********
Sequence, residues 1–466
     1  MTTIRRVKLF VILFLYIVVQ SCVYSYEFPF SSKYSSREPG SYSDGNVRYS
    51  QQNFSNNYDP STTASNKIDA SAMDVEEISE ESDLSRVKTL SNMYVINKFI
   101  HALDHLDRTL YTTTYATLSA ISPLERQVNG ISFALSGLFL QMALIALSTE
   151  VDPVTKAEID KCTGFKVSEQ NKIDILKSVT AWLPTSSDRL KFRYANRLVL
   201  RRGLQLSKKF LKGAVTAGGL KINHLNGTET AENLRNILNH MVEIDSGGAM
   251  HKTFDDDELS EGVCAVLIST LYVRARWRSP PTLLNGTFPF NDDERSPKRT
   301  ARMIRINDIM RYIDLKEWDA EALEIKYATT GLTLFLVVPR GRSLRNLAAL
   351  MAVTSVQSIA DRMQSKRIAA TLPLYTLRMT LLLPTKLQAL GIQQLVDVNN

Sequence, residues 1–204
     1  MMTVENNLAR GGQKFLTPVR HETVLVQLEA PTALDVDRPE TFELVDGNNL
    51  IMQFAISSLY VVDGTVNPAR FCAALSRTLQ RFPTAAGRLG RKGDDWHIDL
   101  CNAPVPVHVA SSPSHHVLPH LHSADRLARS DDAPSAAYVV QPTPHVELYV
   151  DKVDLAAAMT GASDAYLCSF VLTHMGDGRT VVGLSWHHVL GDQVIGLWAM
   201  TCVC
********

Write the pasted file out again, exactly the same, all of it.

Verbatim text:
Sequence, residues 1–466
     1  MTTIRRVKLF VILFLYIVVQ SCVYSYEFPF SSKYSSREPG SYSDGNVRYS
    51  QQNFSNNYDP STTASNKIDA SAMDVEEISE ESDLSRVKTL SNMYVINKFI
   101  HALDHLDRTL YTTTYATLSA ISPLERQVNG ISFALSGLFL QMALIALSTE
   151  VDPVTKAEID KCTGFKVSEQ NKIDILKSVT AWLPTSSDRL KFRYANRLVL
   201  RRGLQLSKKF LKGAVTAGGL KINHLNGTET AENLRNILNH MVEIDSGGAM
   251  HKTFDDDELS EGVCAVLIST LYVRARWRSP PTLLNGTFPF NDDERSPKRT
   301  ARMIRINDIM RYIDLKEWDA EALEIKYATT GLTLFLVVPR GRSLRNLAAL
   351  MAVTSVQSIA DRMQSKRIAA TLPLYTLRMT LLLPTKLQAL GIQQLVDVNN

Sequence, residues 1–204
     1  MMTVENNLAR GGQKFLTPVR HETVLVQLEA PTALDVDRPE TFELVDGNNL
    51  IMQFAISSLY VVDGTVNPAR FCAALSRTLQ RFPTAAGRLG RKGDDWHIDL
   101  CNAPVPVHVA SSPSHHVLPH LHSADRLARS DDAPSAAYVV QPTPHVELYV
   151  DKVDLAAAMT GASDAYLCSF VLTHMGDGRT VVGLSWHHVL GDQVIGLWAM
   201  TCVC